Design and Construction of Deep Excavations

Authors: Barham J. Nareeman1 & Asmaa Abdulmajeed Mamhusseini2
1Independent Researcher
2Civil Engineering Department, Faculty of Engineering, Tishk International University, Erbil, Iraq

Abstract: Excavations in urban developed area are generally supported by deep excavation walls such as; diaphragm wall, bored piles, soldier piles and sheet piles. In some cases, these walls may be braced by internal braces or tie back anchors. Tie back anchors are by far the predominant method for wall support, the large working space inside the excavation provided by a tieback anchor system which has a significant construction advantage. This paper aims to analyze a deep excavation bracing system of contiguous pile wall braced by pre-stressed tie back anchors, which is a part of a huge residential building project, located in Turkey/Gaziantep province. The contiguous pile wall will be constructed with a length of 270 m that consists of 285 piles, each having a diameter of 80 cm, and a center to center spacing of 95 cm. The deformation analysis was carried out by available finite element analysis tool using PLAXIS. In the analysis, beam element method together with an elastic perfect plastic soil model and Soil Hardening Model was used to design the contiguous pile wall, the tieback anchor system and the soil. The two soil clusters which are limestone and a filled soil were modeled with both Hardening soil and Mohr Coulomb models. According to the basic design, both soil clusters are modeled as drained condition. The simulation results show that the maximum horizontal movement of the walls and the maximum settlement of the ground are convenient with 300 individual case histories which are ranging between 1.2mm and 2.3mm for walls, and 15mm and 6.5mm for the settlements. It was concluded that tied-back contiguous pile wall can be satisfactorily modeled using Hardening soil model.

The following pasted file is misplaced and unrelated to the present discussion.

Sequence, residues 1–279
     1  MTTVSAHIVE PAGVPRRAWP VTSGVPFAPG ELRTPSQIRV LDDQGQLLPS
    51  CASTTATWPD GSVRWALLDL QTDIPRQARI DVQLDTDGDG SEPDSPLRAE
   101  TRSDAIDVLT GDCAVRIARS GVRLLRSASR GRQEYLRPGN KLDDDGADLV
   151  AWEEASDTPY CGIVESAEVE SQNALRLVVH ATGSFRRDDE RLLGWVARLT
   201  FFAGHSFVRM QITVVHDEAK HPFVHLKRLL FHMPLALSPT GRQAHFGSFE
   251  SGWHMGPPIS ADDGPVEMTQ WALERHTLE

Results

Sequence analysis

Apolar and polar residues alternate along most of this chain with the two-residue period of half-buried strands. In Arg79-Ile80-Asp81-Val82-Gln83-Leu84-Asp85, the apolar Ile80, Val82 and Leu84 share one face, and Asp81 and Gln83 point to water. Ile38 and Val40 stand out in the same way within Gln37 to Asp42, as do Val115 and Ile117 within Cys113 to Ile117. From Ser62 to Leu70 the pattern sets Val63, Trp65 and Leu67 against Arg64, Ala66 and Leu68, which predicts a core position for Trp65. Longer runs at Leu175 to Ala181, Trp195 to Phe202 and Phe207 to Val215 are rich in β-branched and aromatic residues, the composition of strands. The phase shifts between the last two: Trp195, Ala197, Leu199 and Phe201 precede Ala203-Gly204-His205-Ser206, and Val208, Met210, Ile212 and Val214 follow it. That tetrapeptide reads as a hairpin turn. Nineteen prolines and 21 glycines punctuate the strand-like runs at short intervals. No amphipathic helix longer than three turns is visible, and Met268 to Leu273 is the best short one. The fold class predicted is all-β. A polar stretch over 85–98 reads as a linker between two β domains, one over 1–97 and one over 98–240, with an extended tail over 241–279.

Keywords: Deep Excavation, Finite Element, Pre-Stressed Tie Back Anchors, Contiguous Pile Wall, Plaxis, Horizontal Deflection, Ground Settlement

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doi: 10.23918/eajse.v6i1p75


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